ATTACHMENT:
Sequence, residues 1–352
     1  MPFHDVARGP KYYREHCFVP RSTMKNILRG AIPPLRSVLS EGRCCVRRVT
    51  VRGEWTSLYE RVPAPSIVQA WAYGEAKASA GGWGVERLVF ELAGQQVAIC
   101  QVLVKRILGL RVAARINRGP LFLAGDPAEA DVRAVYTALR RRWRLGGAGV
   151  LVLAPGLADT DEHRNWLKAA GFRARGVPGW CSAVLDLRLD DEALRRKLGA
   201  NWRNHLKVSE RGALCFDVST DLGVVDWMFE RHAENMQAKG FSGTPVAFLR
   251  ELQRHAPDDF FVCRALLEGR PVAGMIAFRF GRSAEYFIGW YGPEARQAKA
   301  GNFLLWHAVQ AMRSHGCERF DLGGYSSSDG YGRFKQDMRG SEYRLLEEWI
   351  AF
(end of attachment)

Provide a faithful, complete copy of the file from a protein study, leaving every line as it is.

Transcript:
Sequence, residues 1–352
     1  MPFHDVARGP KYYREHCFVP RSTMKNILRG AIPPLRSVLS EGRCCVRRVT
    51  VRGEWTSLYE RVPAPSIVQA WAYGEAKASA GGWGVERLVF ELAGQQVAIC
   101  QVLVKRILGL RVAARINRGP LFLAGDPAEA DVRAVYTALR RRWRLGGAGV
   151  LVLAPGLADT DEHRNWLKAA GFRARGVPGW CSAVLDLRLD DEALRRKLGA
   201  NWRNHLKVSE RGALCFDVST DLGVVDWMFE RHAENMQAKG FSGTPVAFLR
   251  ELQRHAPDDF FVCRALLEGR PVAGMIAFRF GRSAEYFIGW YGPEARQAKA
   301  GNFLLWHAVQ AMRSHGCERF DLGGYSSSDG YGRFKQDMRG SEYRLLEEWI
   351  AF